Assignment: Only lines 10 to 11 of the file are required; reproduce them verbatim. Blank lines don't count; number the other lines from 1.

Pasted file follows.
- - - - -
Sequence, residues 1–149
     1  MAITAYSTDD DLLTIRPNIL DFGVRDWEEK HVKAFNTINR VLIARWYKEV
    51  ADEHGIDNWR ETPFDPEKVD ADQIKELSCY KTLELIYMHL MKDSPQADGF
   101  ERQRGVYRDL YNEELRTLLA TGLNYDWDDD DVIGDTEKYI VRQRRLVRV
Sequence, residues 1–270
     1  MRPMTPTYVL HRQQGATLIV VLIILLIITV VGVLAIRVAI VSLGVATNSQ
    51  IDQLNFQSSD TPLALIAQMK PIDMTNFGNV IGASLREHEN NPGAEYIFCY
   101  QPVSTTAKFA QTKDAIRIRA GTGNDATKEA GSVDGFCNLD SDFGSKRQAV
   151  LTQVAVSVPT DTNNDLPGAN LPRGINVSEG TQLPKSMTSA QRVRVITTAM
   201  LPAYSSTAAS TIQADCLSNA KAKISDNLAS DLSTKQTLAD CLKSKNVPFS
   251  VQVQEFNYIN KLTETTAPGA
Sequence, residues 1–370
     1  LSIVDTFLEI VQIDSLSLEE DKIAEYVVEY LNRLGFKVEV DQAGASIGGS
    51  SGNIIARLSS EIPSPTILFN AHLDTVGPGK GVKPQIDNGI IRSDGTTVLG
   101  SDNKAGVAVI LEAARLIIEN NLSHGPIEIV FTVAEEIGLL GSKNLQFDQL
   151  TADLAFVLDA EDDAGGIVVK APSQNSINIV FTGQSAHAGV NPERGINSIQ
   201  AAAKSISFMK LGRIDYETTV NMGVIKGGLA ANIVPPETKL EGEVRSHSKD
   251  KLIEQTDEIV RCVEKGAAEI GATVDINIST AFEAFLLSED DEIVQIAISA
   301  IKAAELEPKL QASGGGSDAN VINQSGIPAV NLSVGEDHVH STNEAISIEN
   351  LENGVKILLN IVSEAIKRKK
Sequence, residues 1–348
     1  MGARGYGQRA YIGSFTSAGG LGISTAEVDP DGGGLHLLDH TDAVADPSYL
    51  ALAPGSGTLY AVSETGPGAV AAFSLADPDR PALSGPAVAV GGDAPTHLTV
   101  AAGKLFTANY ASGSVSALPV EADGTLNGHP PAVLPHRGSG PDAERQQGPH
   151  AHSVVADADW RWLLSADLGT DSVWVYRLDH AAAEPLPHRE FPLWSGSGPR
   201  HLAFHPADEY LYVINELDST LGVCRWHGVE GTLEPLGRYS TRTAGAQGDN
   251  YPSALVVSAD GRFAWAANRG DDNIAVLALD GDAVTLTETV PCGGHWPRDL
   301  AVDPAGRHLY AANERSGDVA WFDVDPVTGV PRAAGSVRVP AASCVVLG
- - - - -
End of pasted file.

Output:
   201  LPAYSSTAAS TIQADCLSNA KAKISDNLAS DLSTKQTLAD CLKSKNVPFS
   251  VQVQEFNYIN KLTETTAPGA